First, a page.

AIMS: Hip fractures are associated with high morbidity, mortality, and costs. One strategy for improving outcomes is to incentivize hospitals to provide better quality of care. We aimed to determine whether a pay-for-performance initiative affected hip fracture outcomes in England by using Scotland, which did not participate in the scheme, as a control. MATERIALS AND METHODS: We undertook an interrupted time series study with data from all patients aged more than 60 years with a hip fracture in England (2000 to 2018) using the Hospital Episode Statistics Admitted Patient Care (HES APC) data set linked to national death registrations. Difference-in-differences (DID) analysis incorporating equivalent data from the Scottish Morbidity Record was used to control for secular trends. The outcomes were 30-day and 365-day mortality, 30-day re-admission, time to operation, and acute length of stay. RESULTS: There were 1 037 860 patients with a hip fracture in England and 116 594 in Scotland. Both 30-day (DID -1.7%; 95% confidence interval (CI) -2.0 to -1.2) and 365-day (-1.9%; 95% CI -2.5 to -1.3) mortality fell in England post-intervention when compared with outcomes in Scotland. There were 7600 fewer deaths between 2010 and 2016 that could be attributed to interventions driven by pay-for-performance. A pre-existing annual trend towards increased 30-day re-admissions in England was halted post-intervention. Significant reductions were observed in the time to operation and length of stay. CONCLUSION: This study provides evidence that a pay-for-performance programme improved the outcomes after a hip fracture in England. Cite this article: Bone Joint J 2019;101-B:1015-1023.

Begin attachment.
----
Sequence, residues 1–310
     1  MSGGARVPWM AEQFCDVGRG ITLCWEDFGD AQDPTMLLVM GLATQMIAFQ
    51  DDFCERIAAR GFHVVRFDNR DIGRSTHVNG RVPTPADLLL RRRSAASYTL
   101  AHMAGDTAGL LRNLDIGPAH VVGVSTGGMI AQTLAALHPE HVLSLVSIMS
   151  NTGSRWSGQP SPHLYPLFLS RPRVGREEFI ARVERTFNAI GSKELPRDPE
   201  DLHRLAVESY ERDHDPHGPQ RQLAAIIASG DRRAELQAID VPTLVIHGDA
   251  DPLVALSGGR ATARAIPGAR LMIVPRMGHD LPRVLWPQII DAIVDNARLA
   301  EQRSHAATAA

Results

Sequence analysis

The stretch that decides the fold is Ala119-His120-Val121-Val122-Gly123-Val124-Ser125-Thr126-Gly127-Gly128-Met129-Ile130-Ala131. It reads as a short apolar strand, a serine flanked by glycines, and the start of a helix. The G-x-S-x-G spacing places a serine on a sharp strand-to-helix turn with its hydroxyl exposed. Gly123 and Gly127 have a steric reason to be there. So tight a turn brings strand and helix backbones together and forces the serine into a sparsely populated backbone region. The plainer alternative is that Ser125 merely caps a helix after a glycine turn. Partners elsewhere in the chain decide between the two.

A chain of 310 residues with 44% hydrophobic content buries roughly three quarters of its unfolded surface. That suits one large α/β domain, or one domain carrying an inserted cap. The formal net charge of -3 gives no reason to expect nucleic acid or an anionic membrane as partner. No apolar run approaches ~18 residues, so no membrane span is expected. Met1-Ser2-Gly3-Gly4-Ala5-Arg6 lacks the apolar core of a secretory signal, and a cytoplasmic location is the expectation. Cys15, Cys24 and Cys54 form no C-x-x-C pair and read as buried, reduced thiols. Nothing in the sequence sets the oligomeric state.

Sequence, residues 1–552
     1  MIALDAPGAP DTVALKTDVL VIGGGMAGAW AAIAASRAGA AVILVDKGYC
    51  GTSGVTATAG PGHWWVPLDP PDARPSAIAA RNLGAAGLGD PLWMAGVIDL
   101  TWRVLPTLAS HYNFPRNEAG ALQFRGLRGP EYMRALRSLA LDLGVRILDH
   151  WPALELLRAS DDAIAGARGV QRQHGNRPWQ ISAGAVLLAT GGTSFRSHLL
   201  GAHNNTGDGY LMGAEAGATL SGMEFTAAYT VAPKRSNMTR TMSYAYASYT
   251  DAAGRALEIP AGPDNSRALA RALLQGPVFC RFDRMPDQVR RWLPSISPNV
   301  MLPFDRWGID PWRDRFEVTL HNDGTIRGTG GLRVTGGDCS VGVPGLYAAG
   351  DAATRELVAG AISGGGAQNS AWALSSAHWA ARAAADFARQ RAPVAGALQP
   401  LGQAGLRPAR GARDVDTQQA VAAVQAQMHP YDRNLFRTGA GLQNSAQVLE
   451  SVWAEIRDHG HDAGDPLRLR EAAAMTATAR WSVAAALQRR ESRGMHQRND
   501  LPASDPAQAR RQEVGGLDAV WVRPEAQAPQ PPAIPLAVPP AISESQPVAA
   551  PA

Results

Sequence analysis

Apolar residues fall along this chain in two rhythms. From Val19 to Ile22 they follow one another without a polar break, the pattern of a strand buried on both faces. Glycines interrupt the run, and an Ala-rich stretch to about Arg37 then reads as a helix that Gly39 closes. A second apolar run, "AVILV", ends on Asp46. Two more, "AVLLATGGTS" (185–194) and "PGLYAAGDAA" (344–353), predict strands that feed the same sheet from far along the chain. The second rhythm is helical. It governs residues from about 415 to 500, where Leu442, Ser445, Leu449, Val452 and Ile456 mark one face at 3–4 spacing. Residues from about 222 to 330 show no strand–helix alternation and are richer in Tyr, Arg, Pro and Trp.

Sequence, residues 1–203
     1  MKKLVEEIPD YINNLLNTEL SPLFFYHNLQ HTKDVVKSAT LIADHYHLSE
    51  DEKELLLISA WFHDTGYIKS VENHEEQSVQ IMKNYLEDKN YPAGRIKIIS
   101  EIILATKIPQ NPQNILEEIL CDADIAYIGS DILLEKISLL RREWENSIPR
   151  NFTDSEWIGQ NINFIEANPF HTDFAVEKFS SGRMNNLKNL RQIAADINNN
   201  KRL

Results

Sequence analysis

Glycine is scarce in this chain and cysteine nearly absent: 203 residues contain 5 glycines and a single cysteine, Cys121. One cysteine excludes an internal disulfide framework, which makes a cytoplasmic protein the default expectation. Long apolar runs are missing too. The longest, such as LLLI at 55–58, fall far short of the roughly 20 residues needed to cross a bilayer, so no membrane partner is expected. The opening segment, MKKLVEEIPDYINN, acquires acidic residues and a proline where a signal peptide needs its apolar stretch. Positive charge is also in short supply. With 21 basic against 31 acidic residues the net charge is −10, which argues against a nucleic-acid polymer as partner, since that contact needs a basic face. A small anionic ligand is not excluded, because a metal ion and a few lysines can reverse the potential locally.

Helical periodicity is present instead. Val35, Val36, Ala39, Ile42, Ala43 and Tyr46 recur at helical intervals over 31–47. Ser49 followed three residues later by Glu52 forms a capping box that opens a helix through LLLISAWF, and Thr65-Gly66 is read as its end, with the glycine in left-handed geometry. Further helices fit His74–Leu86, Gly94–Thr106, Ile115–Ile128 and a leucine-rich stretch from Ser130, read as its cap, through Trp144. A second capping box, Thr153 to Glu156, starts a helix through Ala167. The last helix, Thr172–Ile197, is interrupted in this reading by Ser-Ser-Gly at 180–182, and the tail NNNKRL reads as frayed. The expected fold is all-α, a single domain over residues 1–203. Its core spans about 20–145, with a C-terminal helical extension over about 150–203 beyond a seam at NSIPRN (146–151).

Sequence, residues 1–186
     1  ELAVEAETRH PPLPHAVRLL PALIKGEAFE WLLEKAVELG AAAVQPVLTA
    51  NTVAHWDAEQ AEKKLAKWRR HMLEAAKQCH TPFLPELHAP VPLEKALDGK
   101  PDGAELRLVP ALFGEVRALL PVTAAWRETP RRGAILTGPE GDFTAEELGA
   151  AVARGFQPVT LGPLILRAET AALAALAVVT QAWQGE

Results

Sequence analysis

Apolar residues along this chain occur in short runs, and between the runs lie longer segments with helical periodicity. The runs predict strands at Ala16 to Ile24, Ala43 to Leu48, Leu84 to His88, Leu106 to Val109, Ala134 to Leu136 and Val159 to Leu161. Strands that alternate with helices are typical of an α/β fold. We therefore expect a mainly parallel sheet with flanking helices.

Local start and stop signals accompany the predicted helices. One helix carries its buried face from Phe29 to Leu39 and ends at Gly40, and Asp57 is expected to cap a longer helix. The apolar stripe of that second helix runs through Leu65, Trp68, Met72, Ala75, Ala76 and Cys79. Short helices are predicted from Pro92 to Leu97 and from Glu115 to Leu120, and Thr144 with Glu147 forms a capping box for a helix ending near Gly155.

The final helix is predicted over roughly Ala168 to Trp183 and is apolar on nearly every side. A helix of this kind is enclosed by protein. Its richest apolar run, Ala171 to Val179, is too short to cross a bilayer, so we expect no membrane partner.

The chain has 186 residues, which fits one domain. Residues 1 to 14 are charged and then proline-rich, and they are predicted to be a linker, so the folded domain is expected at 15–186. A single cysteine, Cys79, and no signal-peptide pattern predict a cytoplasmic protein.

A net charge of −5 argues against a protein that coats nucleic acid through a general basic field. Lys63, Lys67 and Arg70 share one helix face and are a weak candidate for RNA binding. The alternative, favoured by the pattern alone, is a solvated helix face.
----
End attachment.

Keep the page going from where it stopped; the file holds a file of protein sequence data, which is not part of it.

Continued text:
|Number of pages||9|
|Journal||The Bone & Joint Journal|
|Publication status||Published - Aug 2019|
- Best practice tariff
- Hip fracture